The trio of plays is simply staged by director Calum Robshaw, but with universally strong writing and performances, the show nonetheless succeeds in making its point very effectively. Though each story is only 20 minutes long, the audience quickly becomes invested in the characters and what happens to them – perhaps because the world they live in and the attitudes within it, though extreme, are not entirely unfeasible. I’m sure, for instance, that while DOLCO isn’t (yet) a thing, the kind of interrogation to which eighteen-year-old Leanne is subjected three days after giving birth almost certainly does take place. Similarly, unwillingness to help those less fortunate because of the risk it might reflect badly on ourselves is taken to exaggerated lengths in the second play – but that attitude already exists in our current social and political climate. It’s easy to see how these stories could become reality, and by more than once bringing the audience into the action, the play shows us too how we could be complicit in making it happen.

Photo credit: John Bruce

The final play is perhaps the most challenging, because it asks us to consider how we should respond to a corrupt and heartless system of government that weaponises social status against its own people. There’s never any doubt that something needs to be done – but is meeting violence with violence really the answer, even when all other arguments seem to have failed?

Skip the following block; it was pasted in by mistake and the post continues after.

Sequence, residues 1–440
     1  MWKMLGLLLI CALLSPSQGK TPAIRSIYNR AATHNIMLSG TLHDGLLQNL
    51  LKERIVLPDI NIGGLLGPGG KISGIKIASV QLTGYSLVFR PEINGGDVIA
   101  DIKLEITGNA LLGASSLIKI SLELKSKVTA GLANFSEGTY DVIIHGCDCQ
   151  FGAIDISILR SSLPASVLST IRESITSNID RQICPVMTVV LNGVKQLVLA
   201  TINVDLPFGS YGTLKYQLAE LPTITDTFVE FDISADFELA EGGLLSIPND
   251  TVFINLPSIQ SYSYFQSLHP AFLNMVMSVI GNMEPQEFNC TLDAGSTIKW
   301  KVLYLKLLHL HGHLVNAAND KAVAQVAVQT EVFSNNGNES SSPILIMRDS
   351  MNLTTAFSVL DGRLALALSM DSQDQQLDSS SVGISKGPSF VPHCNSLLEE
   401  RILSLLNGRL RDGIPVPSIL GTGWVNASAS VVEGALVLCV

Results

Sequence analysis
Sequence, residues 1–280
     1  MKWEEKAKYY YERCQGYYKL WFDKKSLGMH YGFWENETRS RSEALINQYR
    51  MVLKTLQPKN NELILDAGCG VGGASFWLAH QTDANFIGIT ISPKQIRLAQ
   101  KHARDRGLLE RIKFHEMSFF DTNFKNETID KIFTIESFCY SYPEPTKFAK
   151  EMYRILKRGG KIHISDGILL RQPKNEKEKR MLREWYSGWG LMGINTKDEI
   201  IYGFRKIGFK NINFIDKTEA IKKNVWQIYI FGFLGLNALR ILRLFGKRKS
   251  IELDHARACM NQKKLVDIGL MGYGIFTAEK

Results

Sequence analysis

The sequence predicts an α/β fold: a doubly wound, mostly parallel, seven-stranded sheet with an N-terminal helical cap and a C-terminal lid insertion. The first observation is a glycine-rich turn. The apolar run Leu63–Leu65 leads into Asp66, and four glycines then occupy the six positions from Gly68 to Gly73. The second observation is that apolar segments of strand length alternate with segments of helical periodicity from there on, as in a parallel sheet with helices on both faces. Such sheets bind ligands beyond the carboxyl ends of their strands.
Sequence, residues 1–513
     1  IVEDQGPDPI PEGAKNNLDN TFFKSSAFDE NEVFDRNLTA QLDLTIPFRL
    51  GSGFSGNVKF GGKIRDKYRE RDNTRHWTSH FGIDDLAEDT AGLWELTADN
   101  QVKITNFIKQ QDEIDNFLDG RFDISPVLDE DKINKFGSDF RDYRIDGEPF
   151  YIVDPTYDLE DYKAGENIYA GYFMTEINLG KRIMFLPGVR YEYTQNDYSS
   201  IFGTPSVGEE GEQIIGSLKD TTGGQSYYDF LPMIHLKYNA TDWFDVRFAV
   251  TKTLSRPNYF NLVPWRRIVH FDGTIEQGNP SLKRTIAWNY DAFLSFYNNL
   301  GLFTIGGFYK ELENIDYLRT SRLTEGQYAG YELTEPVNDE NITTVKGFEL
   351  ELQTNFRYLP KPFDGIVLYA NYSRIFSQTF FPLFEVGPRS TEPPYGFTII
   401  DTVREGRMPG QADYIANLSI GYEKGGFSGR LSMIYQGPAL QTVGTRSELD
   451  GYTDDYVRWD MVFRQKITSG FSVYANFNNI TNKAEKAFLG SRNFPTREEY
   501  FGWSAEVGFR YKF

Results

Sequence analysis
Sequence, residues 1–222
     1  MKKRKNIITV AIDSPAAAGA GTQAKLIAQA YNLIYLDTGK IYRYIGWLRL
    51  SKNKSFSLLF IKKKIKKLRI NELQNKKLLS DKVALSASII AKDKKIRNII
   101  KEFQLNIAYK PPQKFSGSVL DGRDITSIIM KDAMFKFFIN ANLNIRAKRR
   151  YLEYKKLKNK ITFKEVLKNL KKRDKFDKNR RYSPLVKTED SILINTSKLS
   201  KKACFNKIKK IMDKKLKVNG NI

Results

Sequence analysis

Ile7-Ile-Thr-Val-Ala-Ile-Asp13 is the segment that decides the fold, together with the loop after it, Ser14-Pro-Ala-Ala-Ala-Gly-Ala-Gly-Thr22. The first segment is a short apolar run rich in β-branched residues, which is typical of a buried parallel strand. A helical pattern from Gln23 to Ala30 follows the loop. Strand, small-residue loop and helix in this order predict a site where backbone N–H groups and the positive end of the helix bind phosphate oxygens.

Throughout the show, the characters are forced to make choices – sometimes with the audience’s help, other times alone. In some cases, there’s a clear right and wrong; in others, it’s not so black and white. The impact of each choice is then felt throughout the rest of the play, demonstrating how the decisions we make every day can resonate and affect not just our own lives but those of people around us. Cleverly written and deeply unsettling, this trio of stories sends its audience home reflecting on both the possible future we’ve just seen, and on our own actions and attitudes in the here and now. Highly recommended for a thought-provoking evening.

The final performance of Classified is at the Lion and Unicorn Theatre tonight (12th October).

Quick Q&A: Bedlam

Where and when: 14-16th November, CLF Art Cafe

What it’s all about… “Trusting is a decision you must make knowing that there aren’t any guarantees that you won’t get hurt.”

Ellie is convinced that George has cheated on her. George can’t get her to believe that he hasn’t. All they know is that they can’t keep having the same argument again and again and again.